18 Hainsworth, J.B., The Iliad: A Commentary (vol. III: books 9-12) (Cambridge 1993) 186(ad loc.). Hainsworth also points out the aptness of this ‘obviously invented’ name, meaning ‘sneaky’. On the meaning and symbolism of Thersites' name, see Nagy, G., The Best of the Achaeans: Concepts of the Hero in Archaic Greek Poetry, rev. edn (Baltimore 1999) 259–61. and Kirk (n. 16) 138-9.

19 Kirk (n. 16) 139.

20 See Wees, H. van, Status Warriors: War, Violence and Society in Homer and History (Amsterdam 1992) 78–9: ‘It is not just that [Homer] ignores the bravery, beauty and other qualities of everyone but princes. He denies that anyone but princes possesses these qualities. Princes in general are said to have physical beauty that sets them apart from others.’

21 See Cunliffe, R.J., A Lexicon of the Homeric Dialect, 2nd edn (Norman 1968) s.v. ἀγητός, ‘εἶδος ἀΥητοί (i.e., in that only)’, citing Il. 5.787 and 8.228; see also LSJ s.v. ἀγητός, ‘wonderful in form only, as a reproach’, also citing both occurrences.

22 Which, of course, offers a pleasing symmetry. Helen, his wife, is surely the epitome of the danger of feminine beauty.

23 Hektor will repeat when he rebukes Paris later at Il. 13.769.

24 The reader's mind may well be drawn to the beautiful, lyre-playing, battle-shirking Achilles at this point. It is worth noting that when the poet depicts Achilles playing the lyre (Il. 9.185–9), the hero has withdrawn from the world of war. Thus, his association with this non-martial occupation, despite the fact that battle is taking place, does not necessarily lead to a suggestion of effeminacy. Rather, I interpret the representation of Achilles' lyre playing as further emphasising his separation from the other Achaians. The irony is, of course, that the hero's subject for song is (‘the glorious deeds of men’), the core material of epic, and that Achilles is thus simultaneously removed from and engaging in the generation of epic material. On Achilles and effeminacy, see also n. 14 above.

25 In much the same way, dancing is characterised as antithetical to the martial world throughout the epic; see Il. 13.729–31. 15.506-8, 16.617, 24.260-2.

26 Helen too will blame the war on Paris' at Il. 6.356; on this passage, see below. On the implications of μαΧλοσύνην, see Macleod, C.W., Homer, Iliad Book XXIV (Cambridge 1982) 89.

27 Griffin, J., Homer on Life and Death (Cambridge 1980) 5. Paris changes into proper armour: Il.3.326–39.

28 Griffin (n. 27) 83.

29 It is unclear whether the description refers to Amphimachos or Nastes. Kirk (n. 16) 261 refers to Aristarchus' view from the scholia that Amphimachos is ‘grammatically more likely since his was the last name to be mentioned.’ Griffin (n. 27) hedges his bets, calling him Nastes at 4 and Amphimachos at 115.

30 See Edwards (n. 11) 68.

31 See Griffin (n. 27) 4: ‘… this single allusion characterizes him with deadly finality.’ The death of Amphimachos/Nastes is not mentioned in Book 21; we do not find the name in the catalogue of men slain by Achilles in the river. Likewise, the death of the Trojan seer Ennomos, referred to several lines earlier, is also not mentioned in Book 21: , ‘but he was brought down under the hand of swift-footed Aiakides in the river’ (Il. 2.860–1 = 2.874).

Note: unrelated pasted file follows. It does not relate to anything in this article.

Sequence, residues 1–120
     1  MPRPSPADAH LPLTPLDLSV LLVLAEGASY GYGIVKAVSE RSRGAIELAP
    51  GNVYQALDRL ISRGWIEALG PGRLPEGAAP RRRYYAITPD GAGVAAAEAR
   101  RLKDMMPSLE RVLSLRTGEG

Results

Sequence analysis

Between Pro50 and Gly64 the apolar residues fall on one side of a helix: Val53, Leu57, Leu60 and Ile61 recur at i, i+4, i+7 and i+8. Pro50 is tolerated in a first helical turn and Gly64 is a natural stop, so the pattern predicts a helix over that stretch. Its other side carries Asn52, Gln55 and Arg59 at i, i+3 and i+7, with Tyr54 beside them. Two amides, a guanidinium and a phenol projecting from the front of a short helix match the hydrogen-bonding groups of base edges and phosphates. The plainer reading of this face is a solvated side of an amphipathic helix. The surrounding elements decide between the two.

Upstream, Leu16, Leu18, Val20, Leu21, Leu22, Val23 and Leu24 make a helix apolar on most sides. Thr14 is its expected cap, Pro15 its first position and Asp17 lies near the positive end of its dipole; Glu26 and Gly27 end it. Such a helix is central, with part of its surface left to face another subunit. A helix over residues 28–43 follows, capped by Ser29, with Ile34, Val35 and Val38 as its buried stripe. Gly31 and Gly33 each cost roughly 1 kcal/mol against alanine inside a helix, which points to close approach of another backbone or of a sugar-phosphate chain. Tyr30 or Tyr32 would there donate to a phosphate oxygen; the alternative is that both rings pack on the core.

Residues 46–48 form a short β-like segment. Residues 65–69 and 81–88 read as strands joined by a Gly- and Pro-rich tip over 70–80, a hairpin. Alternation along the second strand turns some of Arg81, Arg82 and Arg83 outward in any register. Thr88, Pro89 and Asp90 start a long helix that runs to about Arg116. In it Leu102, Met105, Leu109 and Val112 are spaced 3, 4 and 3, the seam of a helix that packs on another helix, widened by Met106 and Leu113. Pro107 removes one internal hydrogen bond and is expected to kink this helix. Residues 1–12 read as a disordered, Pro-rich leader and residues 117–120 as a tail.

32 See Cunliffe (n. 21) s.v. νήπιος §3, who counts this usage under the meanings ‘childish, foolish, thoughtless, senseless’.

33 For example, cf. Hektor's death at Il. 22.401-3.

34 Scodel, R., Listening to Homer: Tradition, Narrative, and Audience (Ann Arbor 2002) 96. Scodel goes on to suggest that Euphorbos is a ‘doublet of Paris’.

35 Edwards (n. 11) 68. See also Fowler, D., ‘Vergil on Killing Virgins’, in Whitby, Michael, Hardie, Philip and Whitby, Mary (eds), Homo Viator: Classical Essays for John Bramble (Bristol 1987) 185–98, at 187-8. Although Fowler reads Eurphorbos as effeminate, he nevertheless views the scene as pathetic and sexually symbolic. He writes that the ‘comparison of Euphorbus’ hair to the Graces … makes Euphorbus like a girl’, and reads the scene as a metaphor for ‘violently pathetic defloration’.

36 Il. 3.39–57; on this rebuke, see above.

37 See on Il. 24.2330, as discussed above.

38 See below.

39 See 77. 15.506-8, 16.617, 24.253-62.

40 Kirk (n. 16) 322.

41 See below my discussion of Helen's comment at Il. 6. 350–1; see also Cairns (n. 5) 77, and Redfield (n. 13) 114-5.

42 See Kirk (n. 16) 328: ‘Paris is evidently unperturbed by his experience and must be complacently aware that it was Aphrodite that spirited him away.’

43 Cf. Il. 6.339, where Paris tells Hektor (‘victory shifts from one man to another’); on this, see Kirk (n. 6) 204: ‘He thus attributes success in battle to more or less random factors, discounting his personal responsibility and performance.’

44 Hooker, J.T., ‘Homeric Society: A Shame-Culture?’, G&R, 34.2 (1987) 121–5, at 122, writes that Hektor ‘… is explicitly contrasted with his brother Paris and implicitly with the warriors on the Achaean side.’ Redfield (n. 13) 113 writes that Homer ‘seems to have intended the contrast between [Paris and Hektor] and to have marked it by certain parallel features … they are introduced as a sort of pair. Their likeness, however, is that of opposites’; at 114-5 he argues that Hektor's keen sense of αίδώς and heroic duty is constructed in direct contrast to Paris’ lack of αίδώς; and at 122 he writes that ‘Hector and Paris are a kind of opposite pair.’ Griffin (n. 27) 6-7 sees the contrast between the Hektor/Andromache and Paris/Helen relationships as indicative of the contrast between the characterisations of Hektor and Paris as individuals. This notion has a long history, and the second century CE philosopher Maximus of Tyre constructed the following antithesis (Max. Tyr. Or. 26.6):

Paris the licentious, Hektor the sensible. Paris the coward, Hektor the hero. You can compare their marriages as well: one worthy of imitation, the other pitiable. One cursed, the other praiseworthy. One adulterous, the other lawful.

I thank Jeroen Lauwers of K.U. Leuven for bringing this passage to my attention. The text is from Trapp's 1994 Teubner edition. On the contrast between Paris and Hektor in ancient scholarship, see also the bT scholia on Il. 6.390.